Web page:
Demonstrating New Techniques for Pollinating Pomegranate Flowers

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Although Azerbaijan has been a major supplier of fruits and vegetables to Russia, Ukraine, and elsewhere in the region since the Soviet era, it is able to export very few agricultural products to modern markets. Due largely to an inability to provide sufficient volumes and consistent quality, most of the country’s fruits and vegetables are not internationally competitive. Azerbaijani pomegranates, however, have the potential to be a notable exception. The country already exports a variety of processed pomegranate products, including narsharab, a traditional Azerbaijani sauce. Unfortunately, farmers selling to processors are price-takers and are paid very little for their produce. Therefore, to help them increase their incomes, the USAID Agricultural Assistance to Azerbaijan Project (ASAP) is working with pomegranate growers to improve quality for both the export and premium domestic markets.

Mr. Eyvaz Samedov, who has a farm in the Goychay region of central Azerbaijan, is a good example of the kind of grower that ASAP is assisting. Around 6-7 years ago, he planted four different pomegranate varieties (of the over 20 grown in the country) on a 60-hectare orchard. Although his trees are in good physical condition, his lack of agronomic knowledge has prevented him from achieving the required production quantities and quality, forcing him to sell his entire harvest last year for the extremely low prices paid by domestic processors. An input dealer who has worked with Samedov in the past and was aware of his difficulties, referred ASAP to him in early 2015.

ASAP began by providing basic growing recommendations that Mr. Samedov committed to implementing on a dedicated three hectares of his orchard in order to compare the results of these new efforts with his existing yields and quality. Then, on ASAP’s recommendation, Samedov purchased a cultivator and chemical sprayer (at a total cost of 9300 AZN), and initiated the application of mineral fertilizers for the first time, buying six tons of triple 16 and four tons of urea (for 3080 AZN).

Besides providing technical assistance in pruning, weed control, irrigation and pest management, ASAP decided to introduce pollination of early pomegranate flowers to the farm. By purchasing bumblebees, placing the hive in the center of the demo plot, and ensuring that the bees were provided with plenty of water, pollination within 200 meters of the hive was facilitated. Pomegranate flowers that are pollinated earlier in the season typically produce larger, higher quality fruit. In the future, ASAP will work with Mr. Samedov on improving his harvesting techniques as well as improving his postharvest handling and storage capacity. With proper implementation, he will be soon able to sell his product to the much more lucrative fresh market, both domestically and to Russia, with the potential to eventually initiate exports to EU countries.

Promoting School Milk Days in Ethiopia

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The USAID-supported Agricultural Growth Program – Livestock Market Development (AGP-LMD) kicked off a series of events known as “School Milk Days” aimed to increase the awareness and knowledge of school age children, parents and teachers about milk in Ethiopia. The project organized these events as part of a campaign to stress the nutrition and benefits of milk to normal growth and development.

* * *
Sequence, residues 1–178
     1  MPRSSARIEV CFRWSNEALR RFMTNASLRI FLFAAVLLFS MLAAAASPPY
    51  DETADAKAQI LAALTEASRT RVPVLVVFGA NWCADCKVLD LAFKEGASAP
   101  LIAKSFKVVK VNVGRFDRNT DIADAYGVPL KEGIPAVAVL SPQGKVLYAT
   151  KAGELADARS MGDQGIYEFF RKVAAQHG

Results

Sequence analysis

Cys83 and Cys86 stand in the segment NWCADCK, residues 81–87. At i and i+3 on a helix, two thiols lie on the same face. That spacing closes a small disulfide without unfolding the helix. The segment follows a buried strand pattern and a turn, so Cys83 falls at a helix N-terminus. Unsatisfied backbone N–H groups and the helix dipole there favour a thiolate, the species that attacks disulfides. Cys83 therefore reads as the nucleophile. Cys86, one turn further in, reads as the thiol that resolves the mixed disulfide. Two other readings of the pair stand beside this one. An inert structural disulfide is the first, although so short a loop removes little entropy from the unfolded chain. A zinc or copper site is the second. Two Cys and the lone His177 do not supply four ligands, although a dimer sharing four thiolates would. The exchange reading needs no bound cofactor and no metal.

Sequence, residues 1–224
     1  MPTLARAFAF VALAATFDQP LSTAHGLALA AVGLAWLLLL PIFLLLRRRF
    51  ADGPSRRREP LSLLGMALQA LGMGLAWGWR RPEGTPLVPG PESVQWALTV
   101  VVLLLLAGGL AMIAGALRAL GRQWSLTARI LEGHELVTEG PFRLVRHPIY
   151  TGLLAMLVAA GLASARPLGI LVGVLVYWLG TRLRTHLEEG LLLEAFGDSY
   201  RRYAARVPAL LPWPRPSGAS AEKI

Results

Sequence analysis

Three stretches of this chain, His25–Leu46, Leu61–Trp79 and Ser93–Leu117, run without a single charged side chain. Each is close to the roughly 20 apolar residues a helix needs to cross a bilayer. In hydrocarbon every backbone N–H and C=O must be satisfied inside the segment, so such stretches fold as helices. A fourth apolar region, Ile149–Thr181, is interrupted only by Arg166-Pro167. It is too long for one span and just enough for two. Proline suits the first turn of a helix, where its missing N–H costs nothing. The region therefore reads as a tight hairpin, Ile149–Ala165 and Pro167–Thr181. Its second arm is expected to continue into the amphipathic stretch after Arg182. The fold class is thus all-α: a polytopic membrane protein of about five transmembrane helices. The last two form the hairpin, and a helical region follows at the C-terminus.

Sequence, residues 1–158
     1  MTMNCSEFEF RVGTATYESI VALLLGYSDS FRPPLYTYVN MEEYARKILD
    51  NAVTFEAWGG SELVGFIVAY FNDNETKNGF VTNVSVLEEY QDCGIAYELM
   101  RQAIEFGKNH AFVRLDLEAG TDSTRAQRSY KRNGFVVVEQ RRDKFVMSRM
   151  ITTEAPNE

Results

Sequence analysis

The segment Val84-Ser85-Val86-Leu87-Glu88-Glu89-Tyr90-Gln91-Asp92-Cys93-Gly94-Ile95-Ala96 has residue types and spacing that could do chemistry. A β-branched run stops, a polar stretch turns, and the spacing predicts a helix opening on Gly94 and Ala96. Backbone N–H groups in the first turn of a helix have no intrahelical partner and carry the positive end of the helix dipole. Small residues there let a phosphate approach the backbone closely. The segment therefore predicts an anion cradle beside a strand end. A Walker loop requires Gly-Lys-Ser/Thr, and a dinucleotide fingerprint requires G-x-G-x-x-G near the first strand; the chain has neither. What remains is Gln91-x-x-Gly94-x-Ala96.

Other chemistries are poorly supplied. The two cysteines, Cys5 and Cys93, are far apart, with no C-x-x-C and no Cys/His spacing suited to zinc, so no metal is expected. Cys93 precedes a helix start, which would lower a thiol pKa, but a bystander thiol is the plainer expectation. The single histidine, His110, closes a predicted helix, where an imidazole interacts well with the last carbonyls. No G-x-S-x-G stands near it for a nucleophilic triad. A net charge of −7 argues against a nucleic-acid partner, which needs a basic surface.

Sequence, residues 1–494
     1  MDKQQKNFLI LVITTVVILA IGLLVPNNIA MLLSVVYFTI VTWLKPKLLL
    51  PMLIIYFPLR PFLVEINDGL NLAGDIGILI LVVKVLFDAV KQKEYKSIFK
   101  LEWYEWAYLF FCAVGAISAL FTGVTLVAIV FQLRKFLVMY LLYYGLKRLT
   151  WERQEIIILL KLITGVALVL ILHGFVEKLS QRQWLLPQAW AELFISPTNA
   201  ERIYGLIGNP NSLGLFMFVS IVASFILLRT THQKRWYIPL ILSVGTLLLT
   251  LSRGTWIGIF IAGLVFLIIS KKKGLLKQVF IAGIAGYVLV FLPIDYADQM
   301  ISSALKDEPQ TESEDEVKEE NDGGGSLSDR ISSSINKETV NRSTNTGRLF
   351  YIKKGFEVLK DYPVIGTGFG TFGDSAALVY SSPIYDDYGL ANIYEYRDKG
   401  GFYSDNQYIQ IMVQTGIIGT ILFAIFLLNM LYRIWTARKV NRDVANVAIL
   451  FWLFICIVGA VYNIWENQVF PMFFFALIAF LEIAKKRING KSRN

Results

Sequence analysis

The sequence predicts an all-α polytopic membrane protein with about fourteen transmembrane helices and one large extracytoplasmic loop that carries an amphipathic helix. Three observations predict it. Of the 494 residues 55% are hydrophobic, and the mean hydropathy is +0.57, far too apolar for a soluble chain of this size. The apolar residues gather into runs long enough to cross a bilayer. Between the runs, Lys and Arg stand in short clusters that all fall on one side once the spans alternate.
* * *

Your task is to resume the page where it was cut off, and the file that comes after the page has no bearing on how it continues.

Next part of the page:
Watch this short video to learn more about this activity.

Improving Livelihoods and Nutrition through Dairy Production

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USAID’s Agricultural Growth Program – Livestock Market Development (AGP-LMD) in Ethiopia partnered with Project Mercy, a faith-based development and relief organization, to help improve the livelihoods and nutritional status of Ethiopians.


Watch this short video to learn more about this partnership.

Agrodealer Strengthening Program

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CNFA returned to the birthplace of its widely respected agro-dealer model, first developed in Zimbabwe from 2000 to 2005 and since successfully implemented in Kenya, Malawi, Mali, and Tanzania. When CNFA closed out its program in Zimbabwe in 2005, it had built a network of 1,030 trained agro-dealers covering much of the country. The 18-month Agro-dealer Strengthening Program (ASP-Z) aimed to revitalize and create a more robust network of agro-dealers through which improved inputs and technology could flow to rural smallholder farmers, increasing agricultural production and improving rural livelihoods. ASP-Z laid the framework for a vibrant input supply sector, which created jobs, improved livelihoods, and brought food security to thousands of individuals, bolstering rural economies throughout the provinces of Masvingo, Matabeleland North, Matabeleland South, and Midlands.

Program Approach:

  1. Provided training in business management, as well as technical training on new crop varieties, production technologies, and the safe use, handling, and storage of fertilizers and crop protection products;
  2. Worked with agro-dealers, input suppliers, and research institutions to stimulate demand for improved inputs and production practices through demonstration plots and farmer field days;